OK, here's the plan

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I want to see Green Economy jobs and Alternate Energy Strategy technology and infrastructure growth. Can I haz Smart Grid please?

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4 thoughts on “OK, here's the plan

  1. No to the smart grid technology. Too easy to cut people off. Too easy for hackers and for feds to cut people off.

    As for alternative energy I am all for it as long as it works and costs less money. Solar panels sort of work, but the batteries are expensive and do not last a lifetime. So, that technology does not work as good as coal powered plants or hydro electric.

    Wind farms work – so long as there is wind. Again, not as reliable as coal, oil, gas, and hydro.

    The problem with us coming up with an alternative form of energy is this: We already have it. Teslas invented it quite a number of years ago. If you can convine our dear leader to unlock Teslas inventions and let us start using them, taht would be a great alternative energy source.

    The other problem lies in the fact that if someone were to invent some miraculous way (other than Tesla) to harvest electricity, then what happens is the government would either take it away and conceal it, or he would get denied a patent and be told to go away while the feds kept his plans. I can guaruntee that if a man invented a car that ran off of water, the man would not live long and the plans would mysteriously dissappear. Too many special interests for progress to be made.

    If you want alternative energy, you need to get the hands of big oil and big government out of it completely.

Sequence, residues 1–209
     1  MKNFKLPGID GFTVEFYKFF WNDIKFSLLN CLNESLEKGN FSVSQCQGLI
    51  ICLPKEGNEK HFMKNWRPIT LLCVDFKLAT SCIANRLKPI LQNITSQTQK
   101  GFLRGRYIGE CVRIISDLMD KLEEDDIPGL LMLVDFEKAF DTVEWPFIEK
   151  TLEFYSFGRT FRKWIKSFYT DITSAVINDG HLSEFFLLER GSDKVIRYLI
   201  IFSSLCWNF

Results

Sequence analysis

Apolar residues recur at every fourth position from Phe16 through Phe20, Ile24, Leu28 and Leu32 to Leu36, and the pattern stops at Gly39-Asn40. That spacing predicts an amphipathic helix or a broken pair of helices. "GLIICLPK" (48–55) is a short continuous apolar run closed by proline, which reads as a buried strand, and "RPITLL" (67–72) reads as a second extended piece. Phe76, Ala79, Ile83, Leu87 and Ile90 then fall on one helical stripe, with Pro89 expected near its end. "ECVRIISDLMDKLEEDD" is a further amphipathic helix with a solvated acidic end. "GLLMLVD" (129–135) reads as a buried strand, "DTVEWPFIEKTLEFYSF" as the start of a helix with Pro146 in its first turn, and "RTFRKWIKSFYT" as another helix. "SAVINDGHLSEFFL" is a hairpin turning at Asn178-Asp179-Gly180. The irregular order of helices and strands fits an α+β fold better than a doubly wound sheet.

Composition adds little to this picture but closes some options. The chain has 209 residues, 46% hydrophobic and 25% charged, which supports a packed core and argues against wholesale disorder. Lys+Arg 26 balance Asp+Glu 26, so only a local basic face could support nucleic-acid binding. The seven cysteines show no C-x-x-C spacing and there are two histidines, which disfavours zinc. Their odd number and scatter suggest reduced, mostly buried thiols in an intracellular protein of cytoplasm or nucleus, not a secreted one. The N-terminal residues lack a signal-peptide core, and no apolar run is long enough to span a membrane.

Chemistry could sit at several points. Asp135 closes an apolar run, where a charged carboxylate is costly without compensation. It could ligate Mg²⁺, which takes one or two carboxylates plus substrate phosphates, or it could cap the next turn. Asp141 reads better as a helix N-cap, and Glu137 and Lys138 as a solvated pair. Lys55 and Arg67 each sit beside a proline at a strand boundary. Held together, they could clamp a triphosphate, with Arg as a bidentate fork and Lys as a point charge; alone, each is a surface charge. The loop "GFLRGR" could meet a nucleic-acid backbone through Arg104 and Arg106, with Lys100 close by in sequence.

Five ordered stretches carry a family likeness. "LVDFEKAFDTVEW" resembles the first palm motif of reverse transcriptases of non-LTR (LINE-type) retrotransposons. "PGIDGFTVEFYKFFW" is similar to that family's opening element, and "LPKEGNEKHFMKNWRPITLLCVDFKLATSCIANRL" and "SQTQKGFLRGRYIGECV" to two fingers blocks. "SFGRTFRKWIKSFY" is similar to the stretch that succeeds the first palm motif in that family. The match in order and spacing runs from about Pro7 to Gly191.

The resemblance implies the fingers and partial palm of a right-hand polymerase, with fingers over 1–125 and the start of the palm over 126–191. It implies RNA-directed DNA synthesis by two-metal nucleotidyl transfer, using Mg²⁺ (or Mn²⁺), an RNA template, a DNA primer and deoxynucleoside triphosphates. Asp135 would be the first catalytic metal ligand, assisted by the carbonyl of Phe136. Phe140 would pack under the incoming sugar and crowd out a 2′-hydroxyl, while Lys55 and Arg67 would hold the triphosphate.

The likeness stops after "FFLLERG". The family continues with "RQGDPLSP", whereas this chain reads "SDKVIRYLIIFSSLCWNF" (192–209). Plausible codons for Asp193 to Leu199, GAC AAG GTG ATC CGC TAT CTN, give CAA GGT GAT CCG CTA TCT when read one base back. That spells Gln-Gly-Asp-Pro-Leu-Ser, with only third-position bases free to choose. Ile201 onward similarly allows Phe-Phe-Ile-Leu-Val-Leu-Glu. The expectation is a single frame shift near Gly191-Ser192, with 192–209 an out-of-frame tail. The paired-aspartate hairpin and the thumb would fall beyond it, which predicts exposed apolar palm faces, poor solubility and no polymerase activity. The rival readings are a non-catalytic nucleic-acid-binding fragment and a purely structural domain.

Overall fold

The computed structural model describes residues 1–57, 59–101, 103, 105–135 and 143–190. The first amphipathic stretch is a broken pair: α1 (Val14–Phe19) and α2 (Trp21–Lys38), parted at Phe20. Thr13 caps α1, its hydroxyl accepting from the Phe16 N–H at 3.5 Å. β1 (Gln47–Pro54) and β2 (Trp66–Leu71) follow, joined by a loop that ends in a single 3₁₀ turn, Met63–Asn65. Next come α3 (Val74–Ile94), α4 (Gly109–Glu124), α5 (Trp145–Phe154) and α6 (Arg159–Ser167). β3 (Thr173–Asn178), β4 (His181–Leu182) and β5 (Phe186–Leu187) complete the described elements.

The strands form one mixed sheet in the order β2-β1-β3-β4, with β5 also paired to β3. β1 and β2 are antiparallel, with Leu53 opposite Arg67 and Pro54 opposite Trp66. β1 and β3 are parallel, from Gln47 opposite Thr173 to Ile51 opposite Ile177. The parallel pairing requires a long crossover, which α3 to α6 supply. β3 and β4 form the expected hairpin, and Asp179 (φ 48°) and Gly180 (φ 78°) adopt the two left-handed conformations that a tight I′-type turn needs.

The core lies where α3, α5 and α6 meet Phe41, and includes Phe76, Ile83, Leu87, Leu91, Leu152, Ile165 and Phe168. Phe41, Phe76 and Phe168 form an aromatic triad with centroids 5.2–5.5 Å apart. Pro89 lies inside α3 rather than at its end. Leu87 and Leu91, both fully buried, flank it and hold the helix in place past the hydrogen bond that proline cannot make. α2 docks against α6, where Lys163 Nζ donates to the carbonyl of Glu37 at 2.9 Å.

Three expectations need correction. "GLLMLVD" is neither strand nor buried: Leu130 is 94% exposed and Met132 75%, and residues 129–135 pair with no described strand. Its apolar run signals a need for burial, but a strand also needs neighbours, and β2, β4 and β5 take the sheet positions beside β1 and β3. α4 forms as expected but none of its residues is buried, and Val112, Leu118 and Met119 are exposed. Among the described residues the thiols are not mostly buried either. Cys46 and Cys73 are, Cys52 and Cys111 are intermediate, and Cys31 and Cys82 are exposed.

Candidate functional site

Japan has a few buses that run on hydrogen right now and the United States has all but criminalized their process for use here. Why? Becuase big oil hates it. What is so special about a car that runs on hydrogen? No money for government or big oil since the buses in japan use WATER to make the hydrogen as you drive. Now if people here could get their hands on hydrogen cars, they would be making their own hydrogen in the basement and that would mean less revenue for government and oil. Now, we can’t have that now can we?

    Same reason the feds outlawed moonshiners. It was never about the alcohol. It was about hillbillies making their own alcohol and selling it. The government was not getting tax revenue from it, so they outlawed it. Same as with gambling. You can go into a casino all day long, but get caught gambling in your living room and yoo go to jail. What’s the difference? Same as moonshing, the government didnt get their cut, and when they don’t get their cut, they get angry.

  2. Actually gas turbines provide an ideal backup for solar and wind. They start up in 15 mins, and come up to 60% in efficiencies once the steam cycle is also working. The issue is that nuclear and coal being essentially big teakettles are hard to change the output level (as a gas fired boiler also). Many reports say that with good forecasting it is possible to manage a grid with large amounts of solar and wind. BTW looking at the ercot display right now 25% of the energy use in Tx is wind 7932 out of 30943. This again is an example if you give an engineer a challenge quite often they can meet it. Note Ercot does forecast the wind a day ahead and during the day.

  3. Mr. Flowood; local weather conditions, such as calm, are really only a problem if the electricity generated were only available locally. The grid is far more global than than that.

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